The African National Congress, the Pan Africanist Congress and 92 other anti-apartheid organisations have agreed to form a Patriotic Front. This will strengthen the anti-apartheid movement, allowing it to enter constitutional negotiations with a united voice.
Other participants include the Congress of South African Trade Unions, the National Council of Trade Unions, the Communist Party, the liberal white Democratic Party and youth, women's, religious, business, sports and cultural organisations.
A non-participant was the Azanian Peoples Organisation (AZAPO). The ANC and PAC stripped the organisation of its joint convener status after AZAPO unilaterally sent letters to all intending participants demanding that they withdraw from "apartheid structures". This would have excluded several parties which participate in bantustan administrations and the racist parliamentary system but profess an opposition to apartheid and the National Party.
The agreement is a significant shift in the PAC's previous anti-negotiations stance. PAC information secretary Barney Desai described the meeting in Durban over the October 25-26 weekend as "an unprecedented milestone. It saw many forces coming together to demand the transfer of power to the majority.
"Equally important is that, after 31 years, the PAC and the ANC have come together to identify strategies to achieve the objective of a new democratic constitution."
The core of the agreement is the need for an elected constituent assembly to formulate a democratic constitution. The PF agreed to the convening of an All Party Conference to set the principles that will be the basis of the new constitution.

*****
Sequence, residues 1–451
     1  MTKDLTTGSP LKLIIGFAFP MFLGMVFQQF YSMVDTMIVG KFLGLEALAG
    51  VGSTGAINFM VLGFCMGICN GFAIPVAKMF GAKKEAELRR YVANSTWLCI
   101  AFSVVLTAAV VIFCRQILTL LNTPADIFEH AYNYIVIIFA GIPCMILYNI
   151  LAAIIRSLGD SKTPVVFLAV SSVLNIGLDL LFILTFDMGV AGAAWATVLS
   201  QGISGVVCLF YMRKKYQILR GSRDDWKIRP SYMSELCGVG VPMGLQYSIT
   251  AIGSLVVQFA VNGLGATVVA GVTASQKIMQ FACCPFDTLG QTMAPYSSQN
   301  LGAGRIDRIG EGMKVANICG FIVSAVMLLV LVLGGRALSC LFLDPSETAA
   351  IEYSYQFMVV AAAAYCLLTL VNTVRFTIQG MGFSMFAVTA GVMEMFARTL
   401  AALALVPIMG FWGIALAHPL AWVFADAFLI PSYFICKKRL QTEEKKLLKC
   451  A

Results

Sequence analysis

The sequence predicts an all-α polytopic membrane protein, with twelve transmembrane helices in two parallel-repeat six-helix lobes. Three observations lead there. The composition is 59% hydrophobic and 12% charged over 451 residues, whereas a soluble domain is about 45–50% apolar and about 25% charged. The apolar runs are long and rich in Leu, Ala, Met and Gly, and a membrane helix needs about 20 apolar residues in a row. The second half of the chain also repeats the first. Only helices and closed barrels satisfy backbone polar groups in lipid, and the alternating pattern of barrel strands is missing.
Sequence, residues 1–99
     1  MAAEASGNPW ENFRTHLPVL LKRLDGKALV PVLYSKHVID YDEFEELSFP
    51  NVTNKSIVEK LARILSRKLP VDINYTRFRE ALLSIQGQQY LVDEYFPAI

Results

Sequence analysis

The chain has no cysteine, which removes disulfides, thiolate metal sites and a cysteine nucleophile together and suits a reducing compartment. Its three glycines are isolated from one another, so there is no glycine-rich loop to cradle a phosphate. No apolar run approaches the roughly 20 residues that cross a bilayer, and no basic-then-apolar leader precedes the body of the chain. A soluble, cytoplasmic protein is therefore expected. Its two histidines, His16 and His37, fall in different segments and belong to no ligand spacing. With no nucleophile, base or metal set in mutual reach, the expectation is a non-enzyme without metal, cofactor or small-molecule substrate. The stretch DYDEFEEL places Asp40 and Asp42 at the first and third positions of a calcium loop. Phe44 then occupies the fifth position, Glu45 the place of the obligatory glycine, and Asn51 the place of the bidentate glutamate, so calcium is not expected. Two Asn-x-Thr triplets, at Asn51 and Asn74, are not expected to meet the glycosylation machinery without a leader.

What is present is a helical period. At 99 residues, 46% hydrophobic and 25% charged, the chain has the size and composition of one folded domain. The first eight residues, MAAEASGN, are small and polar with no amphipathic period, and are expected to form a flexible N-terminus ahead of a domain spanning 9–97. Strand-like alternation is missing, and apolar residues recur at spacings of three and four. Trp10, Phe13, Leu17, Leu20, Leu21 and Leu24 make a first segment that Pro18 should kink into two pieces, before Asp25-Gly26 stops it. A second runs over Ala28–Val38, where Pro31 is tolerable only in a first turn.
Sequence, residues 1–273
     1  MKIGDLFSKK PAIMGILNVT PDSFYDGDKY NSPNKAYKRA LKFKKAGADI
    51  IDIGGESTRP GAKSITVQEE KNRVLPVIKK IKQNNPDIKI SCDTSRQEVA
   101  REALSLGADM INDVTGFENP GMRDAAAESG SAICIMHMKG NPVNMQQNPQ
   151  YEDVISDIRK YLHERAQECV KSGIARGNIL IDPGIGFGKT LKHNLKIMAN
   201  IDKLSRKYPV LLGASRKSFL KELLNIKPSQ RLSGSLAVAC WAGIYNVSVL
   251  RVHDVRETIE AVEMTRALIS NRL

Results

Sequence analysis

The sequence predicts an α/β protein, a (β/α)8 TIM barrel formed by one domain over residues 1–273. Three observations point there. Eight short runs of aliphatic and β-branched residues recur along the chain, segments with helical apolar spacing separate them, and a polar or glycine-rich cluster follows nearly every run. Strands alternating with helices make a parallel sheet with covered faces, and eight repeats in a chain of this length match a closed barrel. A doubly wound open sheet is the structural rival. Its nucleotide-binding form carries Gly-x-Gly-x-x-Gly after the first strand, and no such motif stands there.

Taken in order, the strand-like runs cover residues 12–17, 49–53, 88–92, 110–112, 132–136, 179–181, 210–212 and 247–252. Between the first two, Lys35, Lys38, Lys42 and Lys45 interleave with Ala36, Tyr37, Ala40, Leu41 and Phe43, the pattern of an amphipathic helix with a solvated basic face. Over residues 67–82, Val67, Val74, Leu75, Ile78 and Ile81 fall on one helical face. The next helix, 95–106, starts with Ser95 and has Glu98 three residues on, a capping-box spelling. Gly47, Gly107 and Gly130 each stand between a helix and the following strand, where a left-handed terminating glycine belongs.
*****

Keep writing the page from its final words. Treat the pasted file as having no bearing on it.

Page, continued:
"We have achieved unity, but not in the sense that we have agreed on everything", Ebrahim Ismail Ebrahim, one of the ANC's representatives at the conference, explained. "We are still different organisations with different programs of action, different strategies and different policies."
Desai agreed, adding that the conference prioritised the search for consensus over the establishment of binding structures. "We agreed that we would act in unity where there is consensus. Where there is no consensus, we would do our best to achieve [it]. Where we cannot achieve consensus, we will proceed as individual parties.
"There has been a marrying of positions", he said. The most important is the PAC's acceptance of the ANC's All Party Conference concept.
Initially the PAC rejected the APC because it was worried that the ANC would agree to it formulating a new constitution. However, because of the ANC's "complete and unalterable commitment to a constituent assembly", the PAC has now accepted the APC (or the Pre-Constituent Assembly as the PAC prefers to call it).
The PAC and the ANC will meet with the government to discuss the convener of the APC and the venue. The PAC favours the convener being an international body.
There remain differences between the ANC's call for an interim government and the PAC's call for a "transitional authority". It is not yet clear whether this difference is real or semantic.
Both agree that the interim government/transitional authority should be in control of the security forces and state-controlled media, but the PAC opposes this body being in "control of budget and finance, because we do not want to co-manage apartheid".
[Compiled from reports that appeared in the progressive South African weekly New Nation.]